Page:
The governor of Virginia, appropriately enough, presented the 2018 Governor's Cup wine award to the state's esteemed King Family Vineyards, a regular on our annual list of the 101 Best Wineries in America, at a ceremony in Richmond, the state capital, on February 27.
The Honorable Ralph Northam, in honoring the winery's 2014 Meritage, noted that the King Family team "have proven again that they are leaders in producing outstanding Virginia wines" — "again" because this is the winery's third Governor's Cup award.
Each year, the Virginia Wineries Association, in partnership with the Virginia Wine Board and the Virginia Vineyards Association, invites about 20 distinguished judges — this year's crew included port and Madeira specialist Bartholomew Broadbent, the legendary British wine merchant Steven Spurrier (organizer of the 1976 Paris wine tasting that first brought California wines international acclaim), and Washington, D.C.-area wine merchants and educators Caroline Hermann and Ray O'Mara — to taste through hundreds of wines (some 422 from 100 wineries this year) and award medals. This year, 99 golds were bestowed.
Each year, the 12 highest-scoring wines of the group are assembled into a Governor's Cup Case, and one of those is picked for the highest honor. The makeup of this year's dozen reflects the main strength of the state's quality winemaking efforts: Three wines, including King Family's, were Bordeaux-style Meritage blends and five more were based in whole or in part on the prominent Bordeaux blending varieties petit verdot and cabernet franc. The state's most consistently successful white wine variety, viognier, was recognized with two wines — both from Jefferson Vineyards, from the 2015 and 2016 vintages, respectively. The remaining two bottles were dessert wines: Barboursville Vineyards 2014 Paxxito (a 50-50 blend of moscato ottonel and the French-American hybrid vidal blanc) and CrossKeys Vineyards Ali d'Oro (equal parts vidal blanc and traminette, an unusual cross between gewürztraminer and a fairly obscure hybrid called Joannes Seyve).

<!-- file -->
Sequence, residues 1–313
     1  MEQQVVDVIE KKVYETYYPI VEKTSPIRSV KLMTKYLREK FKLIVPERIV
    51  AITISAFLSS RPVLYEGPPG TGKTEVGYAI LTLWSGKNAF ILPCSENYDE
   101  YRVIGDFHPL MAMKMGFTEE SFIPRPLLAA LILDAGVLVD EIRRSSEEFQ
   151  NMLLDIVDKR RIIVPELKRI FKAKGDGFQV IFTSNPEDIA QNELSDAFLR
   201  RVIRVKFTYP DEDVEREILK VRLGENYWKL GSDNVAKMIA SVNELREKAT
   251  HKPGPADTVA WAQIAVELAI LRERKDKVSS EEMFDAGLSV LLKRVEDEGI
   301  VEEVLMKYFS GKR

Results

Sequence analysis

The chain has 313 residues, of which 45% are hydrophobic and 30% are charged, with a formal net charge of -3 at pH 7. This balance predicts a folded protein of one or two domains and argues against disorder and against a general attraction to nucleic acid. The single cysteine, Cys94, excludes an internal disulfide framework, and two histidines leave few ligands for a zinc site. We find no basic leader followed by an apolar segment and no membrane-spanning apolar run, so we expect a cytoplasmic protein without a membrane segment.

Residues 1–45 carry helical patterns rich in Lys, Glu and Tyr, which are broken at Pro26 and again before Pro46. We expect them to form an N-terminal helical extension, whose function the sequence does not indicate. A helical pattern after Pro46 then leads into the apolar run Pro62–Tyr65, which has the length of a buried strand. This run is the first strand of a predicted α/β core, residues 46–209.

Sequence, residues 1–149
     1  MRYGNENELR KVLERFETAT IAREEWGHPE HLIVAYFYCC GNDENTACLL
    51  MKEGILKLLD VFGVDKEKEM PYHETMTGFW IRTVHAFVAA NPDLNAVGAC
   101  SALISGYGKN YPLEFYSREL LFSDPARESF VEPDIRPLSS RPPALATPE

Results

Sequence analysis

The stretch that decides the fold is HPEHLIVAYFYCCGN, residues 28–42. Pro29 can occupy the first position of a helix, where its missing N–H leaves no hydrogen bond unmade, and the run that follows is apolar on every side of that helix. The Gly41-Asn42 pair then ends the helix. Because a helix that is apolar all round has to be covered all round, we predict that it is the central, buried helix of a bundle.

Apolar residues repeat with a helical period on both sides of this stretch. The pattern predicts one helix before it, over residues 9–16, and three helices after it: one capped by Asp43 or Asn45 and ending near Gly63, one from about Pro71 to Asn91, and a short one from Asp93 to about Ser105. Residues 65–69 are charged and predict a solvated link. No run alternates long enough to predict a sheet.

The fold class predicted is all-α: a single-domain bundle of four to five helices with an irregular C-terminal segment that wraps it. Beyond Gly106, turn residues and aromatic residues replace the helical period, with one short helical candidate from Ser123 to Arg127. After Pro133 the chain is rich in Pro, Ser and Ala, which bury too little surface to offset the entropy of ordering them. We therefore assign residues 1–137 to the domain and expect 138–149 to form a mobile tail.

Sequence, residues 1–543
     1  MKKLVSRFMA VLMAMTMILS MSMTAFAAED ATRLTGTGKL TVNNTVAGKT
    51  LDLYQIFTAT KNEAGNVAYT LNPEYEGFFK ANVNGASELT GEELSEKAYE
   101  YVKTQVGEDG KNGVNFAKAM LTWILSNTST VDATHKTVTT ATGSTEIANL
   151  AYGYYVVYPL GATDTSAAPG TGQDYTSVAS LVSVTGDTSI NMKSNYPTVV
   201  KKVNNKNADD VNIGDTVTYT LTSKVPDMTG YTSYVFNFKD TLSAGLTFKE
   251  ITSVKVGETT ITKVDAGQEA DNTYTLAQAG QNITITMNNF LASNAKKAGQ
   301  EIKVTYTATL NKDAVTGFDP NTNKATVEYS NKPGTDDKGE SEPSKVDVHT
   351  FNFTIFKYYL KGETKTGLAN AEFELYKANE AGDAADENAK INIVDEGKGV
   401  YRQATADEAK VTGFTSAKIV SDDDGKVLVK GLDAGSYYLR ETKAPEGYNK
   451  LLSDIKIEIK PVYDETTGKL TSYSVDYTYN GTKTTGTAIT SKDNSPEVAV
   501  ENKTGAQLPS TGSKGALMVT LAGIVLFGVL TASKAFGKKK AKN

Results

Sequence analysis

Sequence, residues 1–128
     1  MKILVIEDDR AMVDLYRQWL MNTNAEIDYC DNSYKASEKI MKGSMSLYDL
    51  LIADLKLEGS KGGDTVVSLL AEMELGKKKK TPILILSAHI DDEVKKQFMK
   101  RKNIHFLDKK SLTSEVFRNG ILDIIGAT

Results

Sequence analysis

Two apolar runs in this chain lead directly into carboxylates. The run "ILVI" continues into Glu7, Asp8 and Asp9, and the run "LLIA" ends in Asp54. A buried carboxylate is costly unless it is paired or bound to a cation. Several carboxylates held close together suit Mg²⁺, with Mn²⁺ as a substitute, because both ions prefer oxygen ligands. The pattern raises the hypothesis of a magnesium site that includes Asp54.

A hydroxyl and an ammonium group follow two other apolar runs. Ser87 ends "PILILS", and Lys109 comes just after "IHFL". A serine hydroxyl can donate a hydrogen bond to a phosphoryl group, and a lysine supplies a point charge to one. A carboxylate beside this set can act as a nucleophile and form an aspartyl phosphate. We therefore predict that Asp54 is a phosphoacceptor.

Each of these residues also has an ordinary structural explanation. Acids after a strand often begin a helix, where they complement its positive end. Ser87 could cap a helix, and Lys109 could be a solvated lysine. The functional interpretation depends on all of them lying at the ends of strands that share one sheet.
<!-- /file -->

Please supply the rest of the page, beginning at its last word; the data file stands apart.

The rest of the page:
The presentation of the King Family’s award was preceded by the naming of the late Frank Britt, a marketing executive and founder of the online Virginia Wine Lover newsletter, as Wine Person of the Year, and a lifetime achievement award to Virginia-based viticulturist and author Lucie Morton, arguably the greatest living expert on grape-growing in the eastern United States.
Before and after the ceremony, hundreds of local wine lovers and wine business professionals filled the stunning trainshed at Richmond's Main Street Station, a 1901-vintage cathedral of glass and steel repurposed into an event space, to taste this year's gold medal winners and other wines. While — and this may be a minority opinion — California and Washington state don't have anything to worry about (yet), the overall quality of what was being poured was high.
Among the whites, there were viogniers aplenty, generally full-flavored but not relentlessly perfumy, as well as some promising chardonnays and appealing examples of petit manseng (a variety grown mostly in southwestern France), most notably a lush, faintly smoky 2016 example from Pearmund Cellars. Among the reds, besides various rich, chocolatey petit verdots and ripe, gamy cabernet francs, there were several interesting examples of tannat, the grape of Madiran (and Uruguay), which is starting to get some attention in Virginia. Effingham Manor & Winery's 2014 was ripe, intense, and very satisfying; Naked Mountain Vineyard's 2016, blended with a bit of petit verdot and cabernet franc, was more subtle and complex.
And what about the property that is quite possibly Virginia's most famous winery, for reasons having little to do with wine — Trump Winery? Though its wines have not in general been well received by critics, it did win a gold medal this year, for its 2012 Sparkling Blanc de Noir.